When it comes to mountainside activities, Colorado has always been spoiled for choice. But in addition to skiing, biking, and hiking the various peaks that dot the state, one iconic way to experience these mountains actually requires little by way of physical exertion: riding the The Broadmoor Manitou and Pikes Peak Cog Railway in Manitou Springs.
First installed in 1891 by Simmons Beautyrest mattress inventor Zalmon Simmons, who found the experience of getting up the mountain on mule-back entirely uncivilized, this historic attraction that climbs to 14,115 feet (the highest railway in the country) was shuttered in 2017 following an infrastructure evaluation. At first, it wasn’t clear whether its current owners would bring it back to life or permanently close the train. But with its unique legacy—the highest cog railway in the world, and views that inspired the song “America The Beautiful”—the decision to invest in its renovation and modernization was a no-brainer. So in May 2021, after $100 million and three years, The Broadmoor Manitou and Pikes Peak Cog Railway is back, and it’s truly better than ever.
A hundred million dollars can get you a lot of things—including jokes from the conductor that he’s now the oldest part of the train—because every inch of the experience, including the depot and the upcoming visitor center in the summit, was rebuilt, upgraded, or changed. The main depot retains its original 19th-century mining town aesthetic with a fresh coat of bright blue paint, but a second train platform, an overhead walkway, and remodeled bathrooms and gift shop are now part of the depot, too.
In 2019, tracks were ripped out of the earth and relaid. Previously, the trains ran on two cog rails; this brand-new system features a single steel cog rail that’s thicker than the older ones combined, which elevates overall performance and safety. The ride was always safe, but based on the way the trains looked in their run-down glory, most locals who took the nine-mile ride before 2018 will likely tell you that they weren’t exactly convinced they would make it up the mountain. Not to mention, passengers were still sitting on wood benches.
Today, the four refurbished trains and three new, 214-feet-long aluminum trains purchased from Stadler (the world’s only manufacturer of cog railway equipment) are not only outfitted with upholstered, cushioned seating, they are also speeding up to Pikes Peak like never before. Toward the end of its upward journey, when the incline is at its sharpest, these vibrant red trains are charging at nearly 10 miles an hour.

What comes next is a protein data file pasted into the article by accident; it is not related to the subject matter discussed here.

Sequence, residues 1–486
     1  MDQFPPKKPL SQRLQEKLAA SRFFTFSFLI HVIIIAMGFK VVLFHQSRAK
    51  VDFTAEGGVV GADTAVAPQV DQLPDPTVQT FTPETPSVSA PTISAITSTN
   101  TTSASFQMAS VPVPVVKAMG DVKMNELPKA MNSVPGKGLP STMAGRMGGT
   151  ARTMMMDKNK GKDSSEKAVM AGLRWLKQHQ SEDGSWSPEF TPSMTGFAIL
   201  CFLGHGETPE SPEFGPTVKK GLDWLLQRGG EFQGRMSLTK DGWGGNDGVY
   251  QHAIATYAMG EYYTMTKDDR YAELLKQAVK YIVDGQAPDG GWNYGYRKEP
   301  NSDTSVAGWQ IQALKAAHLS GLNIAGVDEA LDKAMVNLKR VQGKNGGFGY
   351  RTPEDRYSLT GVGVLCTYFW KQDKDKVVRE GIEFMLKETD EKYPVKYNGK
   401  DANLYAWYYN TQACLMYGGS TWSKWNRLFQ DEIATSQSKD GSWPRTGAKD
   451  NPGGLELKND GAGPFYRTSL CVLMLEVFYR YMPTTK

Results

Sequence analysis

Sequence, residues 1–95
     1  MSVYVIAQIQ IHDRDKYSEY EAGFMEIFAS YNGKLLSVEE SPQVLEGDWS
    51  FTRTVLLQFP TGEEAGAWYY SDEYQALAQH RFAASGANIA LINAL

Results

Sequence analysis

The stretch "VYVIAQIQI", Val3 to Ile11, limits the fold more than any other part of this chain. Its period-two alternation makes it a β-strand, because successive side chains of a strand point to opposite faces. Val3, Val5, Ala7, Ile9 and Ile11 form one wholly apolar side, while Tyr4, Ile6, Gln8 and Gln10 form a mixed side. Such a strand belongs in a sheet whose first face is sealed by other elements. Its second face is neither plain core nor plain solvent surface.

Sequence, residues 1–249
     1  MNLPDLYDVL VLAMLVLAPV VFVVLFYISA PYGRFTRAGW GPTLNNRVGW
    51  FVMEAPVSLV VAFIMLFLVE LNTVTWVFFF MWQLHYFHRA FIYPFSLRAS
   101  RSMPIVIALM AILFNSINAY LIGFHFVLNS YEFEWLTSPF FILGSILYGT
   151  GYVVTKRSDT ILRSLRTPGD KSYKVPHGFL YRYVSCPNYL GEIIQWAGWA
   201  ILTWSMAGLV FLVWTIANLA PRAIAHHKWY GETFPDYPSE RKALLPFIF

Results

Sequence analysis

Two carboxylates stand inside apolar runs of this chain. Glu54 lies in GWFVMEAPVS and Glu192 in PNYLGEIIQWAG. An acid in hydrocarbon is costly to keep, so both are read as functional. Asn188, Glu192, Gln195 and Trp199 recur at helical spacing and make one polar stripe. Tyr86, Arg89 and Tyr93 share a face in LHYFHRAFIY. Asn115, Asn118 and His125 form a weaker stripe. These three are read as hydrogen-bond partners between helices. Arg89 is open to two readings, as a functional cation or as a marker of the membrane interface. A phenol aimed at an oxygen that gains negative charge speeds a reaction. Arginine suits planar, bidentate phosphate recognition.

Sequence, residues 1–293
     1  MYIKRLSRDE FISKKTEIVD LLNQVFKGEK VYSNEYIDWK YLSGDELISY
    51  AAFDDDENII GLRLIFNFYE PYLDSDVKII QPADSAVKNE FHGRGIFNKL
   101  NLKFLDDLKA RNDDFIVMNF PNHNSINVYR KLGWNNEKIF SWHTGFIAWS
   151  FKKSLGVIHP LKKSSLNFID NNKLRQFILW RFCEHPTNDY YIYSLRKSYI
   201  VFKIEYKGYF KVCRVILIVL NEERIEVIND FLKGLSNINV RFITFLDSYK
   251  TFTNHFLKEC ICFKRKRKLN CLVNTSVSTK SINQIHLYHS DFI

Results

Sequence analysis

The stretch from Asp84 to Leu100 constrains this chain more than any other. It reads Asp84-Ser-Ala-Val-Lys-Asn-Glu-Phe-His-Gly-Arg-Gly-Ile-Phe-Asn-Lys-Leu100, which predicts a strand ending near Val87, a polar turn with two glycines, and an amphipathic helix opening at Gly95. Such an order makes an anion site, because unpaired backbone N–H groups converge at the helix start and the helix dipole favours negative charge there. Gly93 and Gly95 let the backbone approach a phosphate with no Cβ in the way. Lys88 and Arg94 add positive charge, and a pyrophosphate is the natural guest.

Ten miles an hour may not sound very fast, but this isn’t a roller coaster. The ride is meant to provide a scenic way up a Fourteener. Even in Colorado, where conquering a mountain peak with an elevation of at least 14,000 feet is a personality trait, not everyone can or wants to make the hike up. The 70-minute-ish journey into Pike National Forest and up to the summit is full of unbelievable sights, from giant eons-old quartz boulders called Pikes Peak granite to canopies of Colorado blue spruce, Ponderosa pine, and Aspen trees; even meandering waterfalls shuttling ice-cold glacier water. There are historic points, too, like the site of a lodge that used to house adventurous hikers. If you’re lucky, you may see wildlife like big-horn sheep, elk, and the occasional eagle. When you get over the tree line, however, things get really dramatic—it looks like the train is riding over the clouds.
A round-trip ticket costs $58, but consider forking over the $10 upcharge so that you can pick your seat. Whenever possible, you’ll want seat A. It’s the window seat on the side of the train that looks over the mountain and offers superior views. (The views on the other side are mostly of rocks.)
At the top of Pikes Peak, 360-degree views reveal the rust-hued Garden of the Gods in the north, the mining town of Cripple Creek and the continental divide to the west, and the Sangre de Cristo mountain range to the south. Depending on visibility, you might be able to spot the Denver skyline.
Right now, all you can really do at the summit is take in the views and snap some spectacular photos. But the brand-new visitor center, which will have interactive displays and films detailing the history of Pikes Peak, as well as a restaurant, retail, and a terrace, should open June 2021. Soon, too, you will be able to take guided hikes up or down the mountain; there will also be a biking option for more intrepid thrillseekers. A final tip: Watch out for the altitude, which often leaves passengers napping its side effects off on the ride down.
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